Furthermore, ideal B2B headings are factual and often packed with relevant attributes. For example, an industrial pump page could have titles like:
- 2 HP Cast Iron Centrifugal Pump – Single Phase
- Maximum Flow Rate: 150 GPM
- Automatic Overload Protection
- UL-Listed for Hazardous Locations
These headings allow buyers to quickly scan for the specifications that matter most to their needs. The plain language communicates capabilities clearly without hype, allowing shoppers to browse swiftly when skimming the PDP.
From an SEO standpoint, headings tagged with H2, H3, etc., properly outline content architecture. Also, weaving relevant target keywords into the titles boosts ranking potential. Most importantly, you should aim for balance – technical headings must intrigue business buyers, not just search engines. For example, “Cut costs up to 30% with eco-friendly operation” is more compelling while still describing the product benefit. Headings have much power to optimize for both humans and algorithms.
Include high-quality images
The product detail page showcases a range of information about your offerings, and images are a critical component because visually demonstrating products in action is vital for B2B buyers evaluating expensive equipment or materials purchases. High-resolution photos and videos build confidence that your offerings can deliver promised capabilities and business value. Even if confidence weren’t the issue, you’d need to use high-quality images anyway because this is Shopify’s standard requirement.
Besides the resolution, the images should showcase products in real-world professional settings—for example, an electrician using a conduit bender on a job site. Also, you could zoom in on essential features and details like power gauges or material quality.
You may wonder how to ensure such high standards for all product images across the organization and channels. Most marketers with long experience in product content management know that tools like Digital Asset Management (DAM) platforms are invaluable.
Above all else, a DAM tool like Catsy provides a central location for storing and organizing digital assets. The platform offers the following benefits:
- Maintains image quality standards, with automated compression and cropping to multiple sizes
- Enforces brand visual guidelines across channels
- Makes assets easy to search and reuse, saving production time/costs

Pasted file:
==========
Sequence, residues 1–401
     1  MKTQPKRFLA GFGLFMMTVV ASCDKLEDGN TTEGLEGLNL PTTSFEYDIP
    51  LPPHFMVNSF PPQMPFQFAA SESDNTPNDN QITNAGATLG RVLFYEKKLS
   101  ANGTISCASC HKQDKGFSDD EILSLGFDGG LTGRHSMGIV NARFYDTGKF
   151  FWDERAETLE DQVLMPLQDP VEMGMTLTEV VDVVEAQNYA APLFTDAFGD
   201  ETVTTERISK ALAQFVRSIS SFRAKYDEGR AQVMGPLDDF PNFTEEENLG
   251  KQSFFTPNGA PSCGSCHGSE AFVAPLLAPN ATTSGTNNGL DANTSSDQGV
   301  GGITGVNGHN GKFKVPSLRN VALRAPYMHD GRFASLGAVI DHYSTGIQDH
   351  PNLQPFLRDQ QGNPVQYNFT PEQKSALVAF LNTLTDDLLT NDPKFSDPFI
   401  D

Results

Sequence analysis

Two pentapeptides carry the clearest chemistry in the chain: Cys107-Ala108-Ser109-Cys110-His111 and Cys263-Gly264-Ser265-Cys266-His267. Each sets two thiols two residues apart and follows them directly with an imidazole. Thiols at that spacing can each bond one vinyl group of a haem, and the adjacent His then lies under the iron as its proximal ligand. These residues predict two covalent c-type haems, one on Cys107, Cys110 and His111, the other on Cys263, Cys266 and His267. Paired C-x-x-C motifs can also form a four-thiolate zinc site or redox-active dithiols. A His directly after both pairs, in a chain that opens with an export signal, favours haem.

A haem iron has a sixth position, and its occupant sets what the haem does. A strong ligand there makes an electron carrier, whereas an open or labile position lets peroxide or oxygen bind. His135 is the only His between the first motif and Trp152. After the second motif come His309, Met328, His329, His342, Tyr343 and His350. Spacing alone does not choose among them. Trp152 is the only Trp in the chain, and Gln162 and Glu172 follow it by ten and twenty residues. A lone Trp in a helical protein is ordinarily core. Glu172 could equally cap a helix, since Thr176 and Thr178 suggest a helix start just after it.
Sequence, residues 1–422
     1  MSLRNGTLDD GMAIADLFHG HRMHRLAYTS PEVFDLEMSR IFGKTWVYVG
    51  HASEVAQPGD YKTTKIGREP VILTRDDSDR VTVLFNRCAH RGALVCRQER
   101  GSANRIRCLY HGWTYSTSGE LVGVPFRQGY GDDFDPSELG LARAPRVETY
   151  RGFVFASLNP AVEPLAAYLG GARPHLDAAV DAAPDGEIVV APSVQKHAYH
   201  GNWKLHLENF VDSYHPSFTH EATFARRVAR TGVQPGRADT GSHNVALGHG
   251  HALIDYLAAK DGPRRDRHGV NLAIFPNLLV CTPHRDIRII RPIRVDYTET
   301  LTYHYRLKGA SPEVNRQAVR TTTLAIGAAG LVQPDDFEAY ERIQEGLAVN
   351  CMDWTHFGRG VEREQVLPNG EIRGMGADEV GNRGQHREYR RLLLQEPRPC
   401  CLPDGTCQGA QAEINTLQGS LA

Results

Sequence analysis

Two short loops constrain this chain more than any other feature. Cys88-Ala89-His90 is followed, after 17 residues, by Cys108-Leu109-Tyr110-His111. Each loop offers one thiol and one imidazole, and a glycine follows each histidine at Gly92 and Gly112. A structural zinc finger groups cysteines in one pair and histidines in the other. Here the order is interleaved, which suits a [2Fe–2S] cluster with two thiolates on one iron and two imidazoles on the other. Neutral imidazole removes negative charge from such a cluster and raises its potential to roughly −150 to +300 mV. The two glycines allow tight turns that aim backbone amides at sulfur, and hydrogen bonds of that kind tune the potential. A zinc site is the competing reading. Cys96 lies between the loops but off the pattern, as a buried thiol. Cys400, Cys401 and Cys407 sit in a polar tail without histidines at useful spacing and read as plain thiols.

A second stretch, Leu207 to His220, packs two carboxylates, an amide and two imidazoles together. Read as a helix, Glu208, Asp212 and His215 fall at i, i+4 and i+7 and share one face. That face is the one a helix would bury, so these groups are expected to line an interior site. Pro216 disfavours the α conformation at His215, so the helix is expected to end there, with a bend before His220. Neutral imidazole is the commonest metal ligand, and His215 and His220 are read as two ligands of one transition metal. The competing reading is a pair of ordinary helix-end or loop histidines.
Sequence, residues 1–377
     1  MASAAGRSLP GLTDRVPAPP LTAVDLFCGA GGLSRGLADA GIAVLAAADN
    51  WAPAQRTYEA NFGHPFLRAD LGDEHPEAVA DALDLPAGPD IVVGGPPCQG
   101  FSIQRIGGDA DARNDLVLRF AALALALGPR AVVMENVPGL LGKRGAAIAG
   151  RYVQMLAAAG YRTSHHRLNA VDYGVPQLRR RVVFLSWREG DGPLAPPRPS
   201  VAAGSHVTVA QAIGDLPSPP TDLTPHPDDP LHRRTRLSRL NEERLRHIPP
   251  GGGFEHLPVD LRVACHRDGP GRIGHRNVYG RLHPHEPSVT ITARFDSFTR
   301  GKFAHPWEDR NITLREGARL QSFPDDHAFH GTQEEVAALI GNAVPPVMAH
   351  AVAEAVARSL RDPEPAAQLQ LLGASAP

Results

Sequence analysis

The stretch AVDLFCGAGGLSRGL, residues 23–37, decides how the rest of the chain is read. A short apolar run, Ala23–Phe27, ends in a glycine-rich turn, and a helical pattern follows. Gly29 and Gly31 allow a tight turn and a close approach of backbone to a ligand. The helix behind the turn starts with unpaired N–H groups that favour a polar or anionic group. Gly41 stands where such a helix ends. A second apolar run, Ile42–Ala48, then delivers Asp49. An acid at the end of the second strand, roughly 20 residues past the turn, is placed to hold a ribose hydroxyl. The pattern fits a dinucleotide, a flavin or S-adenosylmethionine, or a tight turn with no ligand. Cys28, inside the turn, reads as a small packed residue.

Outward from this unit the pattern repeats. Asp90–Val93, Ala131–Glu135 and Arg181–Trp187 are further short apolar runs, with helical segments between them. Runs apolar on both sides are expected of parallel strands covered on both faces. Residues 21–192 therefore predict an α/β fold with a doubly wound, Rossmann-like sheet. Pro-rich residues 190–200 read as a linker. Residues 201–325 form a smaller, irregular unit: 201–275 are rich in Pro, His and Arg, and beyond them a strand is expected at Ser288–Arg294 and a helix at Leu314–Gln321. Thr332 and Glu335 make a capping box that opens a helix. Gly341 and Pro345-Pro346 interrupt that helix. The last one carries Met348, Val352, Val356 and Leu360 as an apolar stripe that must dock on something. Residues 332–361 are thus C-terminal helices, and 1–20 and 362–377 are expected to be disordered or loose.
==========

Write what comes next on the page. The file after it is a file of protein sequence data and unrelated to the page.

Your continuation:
- Integrates with eCommerce platforms like Shopify to sync photos directly to product pages
- Optimizes images with descriptions in alt text for SEO
Use product comparison tables for similar products to aid with decision-making
Comparison tables are incredibly effective for helping B2B buyers evaluate alternatives when making purchasing decisions. They help speed up decision-making, encouraging prospective shoppers to select your offerings. However, the comparison tables should make the shoppers’ evaluation process as easy as possible. This means you should display key specifications side-by-side, allowing easy analysis of which option best fits their needs.
For example, see the table below comparing three models of power drills. It allows business buyers to evaluate the three models based on critical features like power rating, maximum torque, battery life, and weight. The side-by-side view simplifies weighing critical factors, providing an optimized decision-making aid on B2B product pages.
PowerXYZ Drive Pro 750
PowerXYZ Drive Pro 900
PowerXYZ Drive Pro 1200
- Prioritize comparing within your product lines first. This showcases your range while subtly guiding visitors to your offerings. You can also contrast versus competitive models to credibly demonstrate advantages.
- Make tables skimmable with bold attribute headings and concise text. Charts or graphs can further visualize differences like cost savings over time. Link out from tables to individual product pages for details.
How to Manage B2B PDPs for Shopify with DAM and PIM
Previously, you learned that DAM platforms can be invaluable for enforcing high standards across the organization and channels when handling product images. You should know that the tool works best with a product information management (PIM) platform. Although they serve different purposes, the tools form an incredible duo when used as the foundation of a product content management strategy.
On the one hand, PIM consolidates product information creation and management. On the other hand, DAM brings together all digital assets related to all products in an industrial brand’s catalog. And the best part is that you can link the information in PIM to assets in DAM. Some vendors like Catsy offer PIM and DAM as a unified product, meaning you get the best of both worlds in a single platform. The integrated solution enables businesses to create a centralized repository for all their product information and digital assets, making managing and distributing content across multiple channels easier. But how does this platform help manage PDPs on eCommerce platforms like Shopify?
1. Upload data and assets to a single source of truth
A unified PIM and DAM platform provides a single source of truth for product data and visual assets across the organization. Rather than managing data across siloed documents and folders, everything is synchronized in connected PIM and DAM repositories. This benefits both workflow and data quality for cross-functional teams. Marketers, product managers, and customer service all access the same up-to-date information, and changes propagate across systems to avoid conflicting product details. This orderly, centralized approach is critical when optimizing hundreds of B2B product pages across channels.